Church or cult? Abe murder spotlights South Korea's 'pseudo-religious' groups

A man wearing a mask to prevent contracting the coronavirus walks past a branch of the Shincheonji Church of Jesus the Temple of the Tabernacle of the Testimony in Daegu, South Korea on Feb 21, 2020.
PHOTO: Reuters

The assassination of former Japanese prime minister Shinzo Abe created shock waves throughout Japan and the rest of the world.

The news had a particularly profound effect among religious organisations originating from South Korea, given the late premier’s connections to the Unification Church.

Those organisations are called “fringe churches” because it is thought they “systematically and deliberately force religious gaslighting” on followers, according to Tark Ji-il, a professor at Busan Presbyterian University and a critical researcher of fringe churches.

He is surprised at the attention the incident has brought to the church. “There were always concerns about people who had family members involved in fringe churches, but I would’ve never guessed that the problem would become this publicised,” Tark said.

Tetsuya Yamagami, the gunman arrested for shooting Abe, held a grudge against the Unification Church which he believed was responsible for his mother’s bankruptcy. She has apologised for her son’s actions but said she remains a committed member of the organisation.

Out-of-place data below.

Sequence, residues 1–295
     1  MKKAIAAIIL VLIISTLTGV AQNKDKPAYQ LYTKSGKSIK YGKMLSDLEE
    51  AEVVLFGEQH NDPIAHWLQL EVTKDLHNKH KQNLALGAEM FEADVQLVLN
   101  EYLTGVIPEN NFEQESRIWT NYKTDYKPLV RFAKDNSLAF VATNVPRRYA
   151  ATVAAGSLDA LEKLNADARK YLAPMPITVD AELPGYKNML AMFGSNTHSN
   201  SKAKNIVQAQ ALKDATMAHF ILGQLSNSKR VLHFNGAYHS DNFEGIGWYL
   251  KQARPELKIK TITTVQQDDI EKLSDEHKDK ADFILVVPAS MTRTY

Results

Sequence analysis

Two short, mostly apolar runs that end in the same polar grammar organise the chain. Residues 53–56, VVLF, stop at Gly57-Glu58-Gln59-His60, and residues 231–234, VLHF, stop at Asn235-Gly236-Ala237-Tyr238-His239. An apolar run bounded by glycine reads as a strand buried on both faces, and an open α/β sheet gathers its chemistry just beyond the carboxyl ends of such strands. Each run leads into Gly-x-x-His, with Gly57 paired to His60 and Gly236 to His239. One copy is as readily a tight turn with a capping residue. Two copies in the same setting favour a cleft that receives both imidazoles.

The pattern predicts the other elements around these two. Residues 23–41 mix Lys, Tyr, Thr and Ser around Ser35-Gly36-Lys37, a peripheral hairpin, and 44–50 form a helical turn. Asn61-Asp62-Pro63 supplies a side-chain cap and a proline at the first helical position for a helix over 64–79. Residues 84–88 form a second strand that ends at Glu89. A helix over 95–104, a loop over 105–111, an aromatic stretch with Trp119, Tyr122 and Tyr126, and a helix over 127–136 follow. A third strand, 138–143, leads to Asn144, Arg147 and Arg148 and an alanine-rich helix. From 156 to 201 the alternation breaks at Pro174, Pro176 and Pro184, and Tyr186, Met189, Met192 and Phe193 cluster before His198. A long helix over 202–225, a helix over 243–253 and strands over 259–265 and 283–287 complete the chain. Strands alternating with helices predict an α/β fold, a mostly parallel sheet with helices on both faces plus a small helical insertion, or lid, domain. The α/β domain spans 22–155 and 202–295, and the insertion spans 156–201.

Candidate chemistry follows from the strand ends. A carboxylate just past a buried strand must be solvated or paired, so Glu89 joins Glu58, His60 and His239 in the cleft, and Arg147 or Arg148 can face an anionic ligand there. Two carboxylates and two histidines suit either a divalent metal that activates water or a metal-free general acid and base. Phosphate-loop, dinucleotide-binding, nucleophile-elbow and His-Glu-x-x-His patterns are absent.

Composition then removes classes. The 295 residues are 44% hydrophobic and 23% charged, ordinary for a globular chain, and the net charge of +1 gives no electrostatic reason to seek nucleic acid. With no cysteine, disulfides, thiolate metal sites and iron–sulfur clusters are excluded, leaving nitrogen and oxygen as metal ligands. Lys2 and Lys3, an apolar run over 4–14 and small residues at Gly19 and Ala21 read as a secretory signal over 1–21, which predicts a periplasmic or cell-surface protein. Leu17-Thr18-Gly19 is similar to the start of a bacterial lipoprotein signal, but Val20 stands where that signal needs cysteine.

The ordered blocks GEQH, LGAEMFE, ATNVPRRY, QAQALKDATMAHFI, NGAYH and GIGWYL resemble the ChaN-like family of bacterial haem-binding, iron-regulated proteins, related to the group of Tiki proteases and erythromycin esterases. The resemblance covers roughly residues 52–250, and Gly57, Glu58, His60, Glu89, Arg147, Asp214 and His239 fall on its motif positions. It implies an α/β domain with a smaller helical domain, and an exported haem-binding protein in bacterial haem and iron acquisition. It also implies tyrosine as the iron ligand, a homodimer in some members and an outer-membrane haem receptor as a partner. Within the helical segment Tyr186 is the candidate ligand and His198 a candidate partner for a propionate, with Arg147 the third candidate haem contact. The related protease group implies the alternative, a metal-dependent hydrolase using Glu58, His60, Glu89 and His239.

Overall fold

The founder of the Unification Church, Moon Sun-myung, called himself a Messiah and claimed to have met Jesus in 1935. Members believe their leader was “called” to complete the salvation of mankind. Moon died in 2012 of pneumonia and organ failure.

In the mid-1990s, a Japanese court awarded more than US$150 million (S$207 million) in damages to thousands of Japanese people who sued the church and a Moon-owned company called Happy World.

The claimants said they were pressured into donating millions of dollars to guarantee the happiness of their late loved ones in the afterworld.

Since 1987 the Unification Church in Japan has paid billions of dollars in damages in lawsuits.

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Members have been brainwashed into believing they must ask forgiveness of their ancestors who conquered Korea, by raising funds for the church’s homeland, according to a report by South Korea’s Bareunmedia, an anti-cult media agency that produces content about fringe churches and provides advice on avoiding these groups.

So-called “spiritual sales” have been at the centre of the church’s profit-making in Japan.

A “spiritual sale” is when a dead person is believed to be “elevated” in the spirit world after money is given to the organisation, which has claimed ordinary objects possess special spiritual powers.

According to Bareunmedia, there are more than 30,000 cases on record of people being conned into parting with money for spiritual sales, accounting for 1,326 trillion won (S$1.4 billion) in costs from 1987-2017.

Japan has traditionally provided as much as 70 per cent of the church’s wealth, according to historians’ who have studied the church according to The Washington Post.

What are fringe churches?